We know that people have an ongoing interest in how others perceive and evaluate them.
For example, North Americans spend billions of dollars on diets, health club memberships, cosmetics, and plastic surgery – all intended to make them more attractive to others. Being perceived positively by others should have benefits for people in the organization.
It might, for instance, help them initially to get the jobs they want in an organization and, once hired, to get favorable evaluations, superior salary increases, and more rapid promotions. In a political context, it might help sway the distribution of advantages in their favor.
The process by which individuals attempt to control the impression others form of them is called impression management. It’s a subject that has gained the attention of OB researchers only recently.
Keep in mind that IM does not imply that impressions people convey are necessarily false.
Excuses, for instance, may be offered with sincerity. Referring to the example used in Figure you c’an actually believe that ads contribute little to sales in your region. But misrepresentation can have a high cost. If the image claimed is false, you may be discredited.
Impression Management Techniques are;
The following table provides some examples of Impression Management Techniques;
Agreeing with someone else’s opinion in order to gain his or her approval.
Example: A manager tells his boss, “You are absolutely right on your reorganization plan for the western regional office. I couldn’t agree with you more.
Explanations of a predicament-creating event aimed at minimizing the apparent severity of the predicament.
Examples: Sales manager to the boss, “we failed to get the ad in the paper on time, but no one responds to those ads anyway.”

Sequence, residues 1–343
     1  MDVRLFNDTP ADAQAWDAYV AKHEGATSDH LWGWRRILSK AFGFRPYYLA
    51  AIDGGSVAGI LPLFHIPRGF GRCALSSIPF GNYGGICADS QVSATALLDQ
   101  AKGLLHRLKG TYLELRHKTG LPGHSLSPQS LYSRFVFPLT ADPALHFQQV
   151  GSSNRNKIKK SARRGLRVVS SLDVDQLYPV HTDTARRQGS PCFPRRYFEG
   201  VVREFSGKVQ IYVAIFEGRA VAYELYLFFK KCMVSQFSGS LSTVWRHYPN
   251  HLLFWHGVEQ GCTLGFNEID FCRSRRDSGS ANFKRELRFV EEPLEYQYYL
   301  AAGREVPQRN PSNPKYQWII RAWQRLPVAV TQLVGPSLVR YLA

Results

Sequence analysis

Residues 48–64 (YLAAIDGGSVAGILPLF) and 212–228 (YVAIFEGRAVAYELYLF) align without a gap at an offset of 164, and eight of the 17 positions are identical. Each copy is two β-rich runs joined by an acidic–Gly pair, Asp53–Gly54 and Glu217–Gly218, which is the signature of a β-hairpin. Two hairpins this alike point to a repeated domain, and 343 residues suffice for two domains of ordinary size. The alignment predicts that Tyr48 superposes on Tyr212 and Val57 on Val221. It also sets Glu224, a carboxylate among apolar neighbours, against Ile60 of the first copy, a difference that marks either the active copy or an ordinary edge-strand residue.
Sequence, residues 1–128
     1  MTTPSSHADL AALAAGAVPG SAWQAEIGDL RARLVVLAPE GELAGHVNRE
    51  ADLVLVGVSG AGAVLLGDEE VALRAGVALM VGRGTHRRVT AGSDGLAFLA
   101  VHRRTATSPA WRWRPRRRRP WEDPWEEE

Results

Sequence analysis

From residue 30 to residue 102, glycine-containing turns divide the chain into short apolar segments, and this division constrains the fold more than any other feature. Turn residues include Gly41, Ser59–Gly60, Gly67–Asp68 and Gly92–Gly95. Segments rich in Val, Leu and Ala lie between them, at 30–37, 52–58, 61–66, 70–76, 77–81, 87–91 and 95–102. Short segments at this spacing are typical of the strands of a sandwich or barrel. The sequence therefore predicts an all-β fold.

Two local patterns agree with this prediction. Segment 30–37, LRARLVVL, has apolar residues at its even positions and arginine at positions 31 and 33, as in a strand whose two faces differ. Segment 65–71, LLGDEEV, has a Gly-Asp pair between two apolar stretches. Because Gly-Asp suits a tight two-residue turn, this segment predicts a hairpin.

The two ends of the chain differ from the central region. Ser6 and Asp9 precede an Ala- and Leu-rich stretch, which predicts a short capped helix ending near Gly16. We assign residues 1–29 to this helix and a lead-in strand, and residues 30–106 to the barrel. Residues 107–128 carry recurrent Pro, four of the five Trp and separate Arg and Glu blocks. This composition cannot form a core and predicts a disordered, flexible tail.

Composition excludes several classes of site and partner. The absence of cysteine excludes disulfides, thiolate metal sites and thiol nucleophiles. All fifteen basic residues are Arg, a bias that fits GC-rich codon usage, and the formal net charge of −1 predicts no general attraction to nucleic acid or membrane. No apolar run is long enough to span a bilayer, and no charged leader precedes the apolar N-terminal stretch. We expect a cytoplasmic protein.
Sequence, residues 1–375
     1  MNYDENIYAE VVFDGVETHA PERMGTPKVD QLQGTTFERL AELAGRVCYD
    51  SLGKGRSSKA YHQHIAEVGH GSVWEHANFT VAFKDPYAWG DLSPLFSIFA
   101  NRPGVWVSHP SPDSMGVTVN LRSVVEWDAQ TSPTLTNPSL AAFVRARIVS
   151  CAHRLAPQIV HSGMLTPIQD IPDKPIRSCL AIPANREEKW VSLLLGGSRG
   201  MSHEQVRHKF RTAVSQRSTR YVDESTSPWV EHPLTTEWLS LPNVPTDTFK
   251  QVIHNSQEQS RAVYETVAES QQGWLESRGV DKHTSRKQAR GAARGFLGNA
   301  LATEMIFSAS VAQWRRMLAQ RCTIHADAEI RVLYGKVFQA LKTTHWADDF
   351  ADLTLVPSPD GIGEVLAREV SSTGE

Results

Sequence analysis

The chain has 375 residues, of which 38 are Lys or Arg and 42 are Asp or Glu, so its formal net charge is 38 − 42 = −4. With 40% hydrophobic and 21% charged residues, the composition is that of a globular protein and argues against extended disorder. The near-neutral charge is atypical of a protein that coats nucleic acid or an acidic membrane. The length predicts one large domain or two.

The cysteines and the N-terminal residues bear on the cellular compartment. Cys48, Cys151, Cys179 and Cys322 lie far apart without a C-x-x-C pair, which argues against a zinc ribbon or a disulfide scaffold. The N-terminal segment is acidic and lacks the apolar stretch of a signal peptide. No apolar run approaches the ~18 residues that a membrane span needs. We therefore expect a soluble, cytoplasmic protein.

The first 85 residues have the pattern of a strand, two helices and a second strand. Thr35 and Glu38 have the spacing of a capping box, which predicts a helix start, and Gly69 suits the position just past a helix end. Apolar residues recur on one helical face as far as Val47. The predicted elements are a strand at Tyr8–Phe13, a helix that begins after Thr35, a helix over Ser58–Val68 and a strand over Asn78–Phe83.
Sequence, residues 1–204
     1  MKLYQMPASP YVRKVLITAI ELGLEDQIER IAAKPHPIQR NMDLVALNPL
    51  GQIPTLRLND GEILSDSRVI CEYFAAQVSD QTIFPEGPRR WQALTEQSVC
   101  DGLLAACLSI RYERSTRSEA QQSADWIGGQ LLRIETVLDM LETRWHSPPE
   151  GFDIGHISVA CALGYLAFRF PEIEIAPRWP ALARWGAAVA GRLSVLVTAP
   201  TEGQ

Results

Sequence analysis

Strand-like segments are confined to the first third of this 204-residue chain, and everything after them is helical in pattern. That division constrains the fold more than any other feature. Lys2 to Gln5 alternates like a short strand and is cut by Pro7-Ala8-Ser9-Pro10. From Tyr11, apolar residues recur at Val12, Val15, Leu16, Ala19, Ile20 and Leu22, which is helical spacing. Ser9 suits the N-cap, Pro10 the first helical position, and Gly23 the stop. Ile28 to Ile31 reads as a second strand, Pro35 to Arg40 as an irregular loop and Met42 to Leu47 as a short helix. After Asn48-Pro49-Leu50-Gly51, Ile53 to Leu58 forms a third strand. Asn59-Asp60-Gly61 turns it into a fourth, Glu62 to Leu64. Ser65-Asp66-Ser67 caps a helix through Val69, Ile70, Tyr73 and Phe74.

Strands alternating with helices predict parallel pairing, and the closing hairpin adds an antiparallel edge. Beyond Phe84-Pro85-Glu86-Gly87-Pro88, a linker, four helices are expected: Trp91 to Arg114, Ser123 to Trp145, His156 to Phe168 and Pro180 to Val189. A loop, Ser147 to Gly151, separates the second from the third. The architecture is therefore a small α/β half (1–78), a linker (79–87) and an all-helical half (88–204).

Admitting responsibility for an undesirable event and simultaneously seeking to get a pardon for the action.
Example: Employee to the boss, “I’m sorry I made a mistake on the report. Please forgive me.”
Highlighting one’s best qualities, downplaying one’s deficits, and calling attention to one’s achievements.
Example: A salesperson tells his boss, “Matt worked unsuccessfully for three years to try to get the account. I sewed it up in six weeks. I’m the best closer this company has”.
Complimenting others about their virtues in an effort to make oneself appear perceptive and likable.
Example: New sales trainee to peer, “You handled that client’s complaint so tactfully! I could never have handled that as well as you did.”
Doing something nice for someone to gain that person’s approval.
Example: Sales person to a prospective client, “I’ve got two tickets to the theatre tonight that I can’t use. Take them. Consider it a thank – you for taking the time to talk with me.”
Enhancing or protecting one’s image by managing information about people and things with which one is associated.
Example: A job applicant says to an interviewer, “What a coincidence. Your boss and I Were roommates in college.”
Most of the studies undertaken to test the effectiveness of IM techniques have been limited to determining whether IM behavior is related to job interviews success.
Employment interviews make a particularly relevant area of study since applicants are clearly attempting to present positive images of themselves and there are relatively objective outcome measures. The evidence indicates that IM behavior works.
In one study, for instance, interviewers felt that applicants for a position as a customer service representative who used IM techniques performed better in the interview, and they seemed somewhat more inclined to hire these people.
Moreover, when the researchers considered applicants’ credentials, they concluded that it was the IM techniques alone that influenced the interviewers.
That is, it didn’t seem to matter if applicants were well or poorly qualified. If they used IM techniques, they did better in the interview.